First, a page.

Ah vant to tri bonanza, dahling.ReplyDelete
"Avanti" try bonaza, dahling. (think Natasha of Boris and Natasha). Get it?ReplyDelete
Now it all makes sense! Moose and squirrel.Delete
Didn't Spider-Man say that to Titanium Man (the former Soviet Iron Man clone) while fighting him once?Delete
Wow, this sounds really nice. Bonanza used to be a staple of visits to my grandparents in Northern Arkansas up til about 2007, and I always kind of dreaded it. The ones there (both my parents were from that area and both towns had one) had minimal waitstaff, and you waited in line to order from a hanging menu (with or without the salad bar) or order the hot buffet. My choices there were always (a) a buffet of greasy fried food and horrifying office-cafetira veggies or (b) a steak that wasn't as good as one I could cook myself. In contrast, this sounds like someplace I'd actually want to eat and I'm kind of sad there aren't more of them.ReplyDelete
What you describe is essentially the formula that made Bonanza, and a slew of other discount steakhouses, popular in the '60s and '70s. The concept didn't age well, but believe it or not, there are still some discount steakhouse/buffet places of that vintage that manage to have pretty good food.Delete
This Bonanza was a completely different beast though. It felt pleasant and modern, with just enough of the classic Bonanza brand identity to feel authentic.
As a franchisee/owner of four Ponderosa steakhouses, I read this column with much dismay. OUR restaurants are all well run, managed and attended by our guests because we do it right. Unfortunately, the author is correct in that FAT Brands is not supporting us, rather relying on our meager royalties until our slow, painful demise. We remain viable in that people still seem to want what we deliver, which is an abundance of well prepared, good food for a reasonable price.ReplyDelete
If the author ever has the opportunity to visit Greenfield, Anderson, Goshen or Beech Grove (Indianapolis) Indiana, I hope he will stop at one of our Ponderosa Steakhouses and see how it is done right!
Hi, the author here. I readily acknowledge that a well-run Ponderosa is a wonderful thing. I'm quite partial to the Bay City, Michigan Ponderosa, the St. Cloud, Minnesota Bonanza, and indeed this Bonanza in Seymour. All are run impeccably. I wrote this post with the less than stellar Dearborn Heights, Michigan and Midland, Michigan Ponderosas in mind. Both have closed since I wrote this post, though I hear Midland has recently reopened under new management.Delete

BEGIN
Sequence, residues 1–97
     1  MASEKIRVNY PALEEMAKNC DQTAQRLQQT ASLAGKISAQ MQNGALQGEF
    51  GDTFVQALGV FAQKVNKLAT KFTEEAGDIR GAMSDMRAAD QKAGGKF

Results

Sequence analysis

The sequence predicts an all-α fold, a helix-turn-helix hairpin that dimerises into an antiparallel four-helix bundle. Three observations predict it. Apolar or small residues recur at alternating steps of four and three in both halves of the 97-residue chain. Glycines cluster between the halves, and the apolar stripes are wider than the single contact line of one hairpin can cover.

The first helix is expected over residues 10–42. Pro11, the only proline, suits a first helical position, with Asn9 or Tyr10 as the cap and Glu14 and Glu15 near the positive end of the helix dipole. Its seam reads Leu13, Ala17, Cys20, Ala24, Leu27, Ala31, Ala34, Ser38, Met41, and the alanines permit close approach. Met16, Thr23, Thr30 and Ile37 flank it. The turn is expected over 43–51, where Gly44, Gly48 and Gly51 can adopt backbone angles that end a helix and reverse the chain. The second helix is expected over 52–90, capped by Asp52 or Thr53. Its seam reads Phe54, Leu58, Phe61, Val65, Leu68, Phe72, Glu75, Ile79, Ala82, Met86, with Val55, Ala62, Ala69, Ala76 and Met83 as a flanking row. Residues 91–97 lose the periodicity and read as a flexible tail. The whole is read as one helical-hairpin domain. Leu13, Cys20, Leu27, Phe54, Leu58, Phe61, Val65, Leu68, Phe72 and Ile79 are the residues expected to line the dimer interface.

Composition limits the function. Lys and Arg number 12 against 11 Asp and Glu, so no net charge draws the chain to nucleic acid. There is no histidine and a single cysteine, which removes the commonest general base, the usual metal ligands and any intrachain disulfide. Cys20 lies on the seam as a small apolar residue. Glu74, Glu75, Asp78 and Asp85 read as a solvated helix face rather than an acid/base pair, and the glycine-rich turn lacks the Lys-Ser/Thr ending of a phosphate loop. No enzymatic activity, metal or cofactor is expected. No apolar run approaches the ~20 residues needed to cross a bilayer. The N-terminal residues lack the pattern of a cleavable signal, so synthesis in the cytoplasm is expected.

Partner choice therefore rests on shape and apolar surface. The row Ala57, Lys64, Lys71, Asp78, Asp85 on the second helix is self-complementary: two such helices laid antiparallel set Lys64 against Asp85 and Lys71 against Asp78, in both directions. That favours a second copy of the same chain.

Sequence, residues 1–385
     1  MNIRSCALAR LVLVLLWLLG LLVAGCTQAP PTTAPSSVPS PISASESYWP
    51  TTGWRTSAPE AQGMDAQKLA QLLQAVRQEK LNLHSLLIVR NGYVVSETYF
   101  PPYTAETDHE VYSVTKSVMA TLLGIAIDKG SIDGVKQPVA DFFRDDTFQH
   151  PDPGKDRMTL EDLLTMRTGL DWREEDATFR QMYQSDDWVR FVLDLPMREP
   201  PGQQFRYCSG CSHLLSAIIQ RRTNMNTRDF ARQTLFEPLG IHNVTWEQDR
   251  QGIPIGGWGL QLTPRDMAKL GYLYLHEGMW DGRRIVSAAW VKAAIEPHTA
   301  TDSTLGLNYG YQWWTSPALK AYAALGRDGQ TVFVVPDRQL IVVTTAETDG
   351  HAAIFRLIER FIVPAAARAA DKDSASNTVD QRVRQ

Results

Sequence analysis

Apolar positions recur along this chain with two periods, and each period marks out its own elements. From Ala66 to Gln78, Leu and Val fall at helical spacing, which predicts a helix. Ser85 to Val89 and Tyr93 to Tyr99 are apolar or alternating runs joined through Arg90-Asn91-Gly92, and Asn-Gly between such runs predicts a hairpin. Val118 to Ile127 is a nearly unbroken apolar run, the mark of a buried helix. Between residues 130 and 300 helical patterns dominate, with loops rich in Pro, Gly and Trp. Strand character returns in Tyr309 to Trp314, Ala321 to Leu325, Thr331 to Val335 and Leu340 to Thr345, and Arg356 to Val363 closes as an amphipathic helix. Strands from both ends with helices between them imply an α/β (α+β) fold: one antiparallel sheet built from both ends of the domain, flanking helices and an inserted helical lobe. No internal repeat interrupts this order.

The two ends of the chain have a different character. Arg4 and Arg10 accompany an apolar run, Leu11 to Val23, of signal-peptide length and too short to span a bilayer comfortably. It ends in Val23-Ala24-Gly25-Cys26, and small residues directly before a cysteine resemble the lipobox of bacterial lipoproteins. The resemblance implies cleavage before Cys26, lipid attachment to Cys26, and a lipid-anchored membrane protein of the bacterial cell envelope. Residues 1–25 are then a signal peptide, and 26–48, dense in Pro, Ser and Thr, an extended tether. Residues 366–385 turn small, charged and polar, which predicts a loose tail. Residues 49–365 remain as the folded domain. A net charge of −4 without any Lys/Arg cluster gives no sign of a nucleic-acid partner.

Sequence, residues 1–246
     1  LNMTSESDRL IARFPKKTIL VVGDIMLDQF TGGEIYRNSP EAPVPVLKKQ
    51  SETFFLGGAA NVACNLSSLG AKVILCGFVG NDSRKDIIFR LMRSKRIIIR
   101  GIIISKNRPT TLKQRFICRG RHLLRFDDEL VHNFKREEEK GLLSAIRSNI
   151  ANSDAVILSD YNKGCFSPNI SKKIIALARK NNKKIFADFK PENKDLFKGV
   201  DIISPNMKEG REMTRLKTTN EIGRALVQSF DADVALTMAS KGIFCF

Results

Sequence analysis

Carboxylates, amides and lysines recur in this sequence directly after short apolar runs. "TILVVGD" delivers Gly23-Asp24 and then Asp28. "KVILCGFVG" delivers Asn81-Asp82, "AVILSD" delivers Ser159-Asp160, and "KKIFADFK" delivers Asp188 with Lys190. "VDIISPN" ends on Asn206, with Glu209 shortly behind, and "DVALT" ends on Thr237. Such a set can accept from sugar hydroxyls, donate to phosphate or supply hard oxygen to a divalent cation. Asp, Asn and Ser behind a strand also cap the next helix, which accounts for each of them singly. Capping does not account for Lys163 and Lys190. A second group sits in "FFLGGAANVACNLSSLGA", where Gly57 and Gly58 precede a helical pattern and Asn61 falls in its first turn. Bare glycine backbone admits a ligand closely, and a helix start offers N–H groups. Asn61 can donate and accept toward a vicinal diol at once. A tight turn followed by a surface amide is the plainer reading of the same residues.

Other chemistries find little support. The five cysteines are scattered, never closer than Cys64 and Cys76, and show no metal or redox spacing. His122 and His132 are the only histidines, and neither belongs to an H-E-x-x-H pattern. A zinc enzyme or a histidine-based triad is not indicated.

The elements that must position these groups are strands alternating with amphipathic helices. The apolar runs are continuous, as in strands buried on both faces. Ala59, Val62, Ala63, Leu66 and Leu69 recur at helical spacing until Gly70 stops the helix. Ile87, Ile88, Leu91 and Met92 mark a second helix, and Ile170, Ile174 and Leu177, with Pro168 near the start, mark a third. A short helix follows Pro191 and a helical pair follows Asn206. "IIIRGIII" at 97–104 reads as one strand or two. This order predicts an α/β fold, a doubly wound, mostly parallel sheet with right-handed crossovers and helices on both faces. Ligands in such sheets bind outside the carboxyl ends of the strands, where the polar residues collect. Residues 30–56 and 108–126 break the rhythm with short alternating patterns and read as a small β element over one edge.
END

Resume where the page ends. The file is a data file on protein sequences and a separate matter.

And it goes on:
I try not to approach writing this blog as a restaurant critic, rather I seek to assume the role of an amateur historian documenting the surviving locations of endangered restaurant chains. I'm always delighted to find a well-run example of a broken chain. I appreciate your efforts to maintain the high standards of the Ponderosa brand, and would very much like to visit some or all of your restaurants in the not too distant future. Thanks for taking the time to reach out.
There was a Ponderosa Steakhouse in Stroudsburg, PA, which had the worst food my wife or I had eaten in a long time! The design was Liberal Arts Preschool, and my wife's medium steak came out raw in the middle. They also managed the feat of screwing up a baked potato, which tasted like it had been cooked a few days back, and left under heat lamps until we got it.ReplyDelete
It was far worse than Tad's Steaks, a super-low end steakhouse that existed in New York City (and apparently San Francisco and Chicago, too!) in the Sixties through early 21st Century. The food there was mediocre, but it didn't cost much (I got a 10-oz. sirloin for $2.99 when in 1981!), and the Belle Époque Whorehouse design had a certain kitschy charm to it.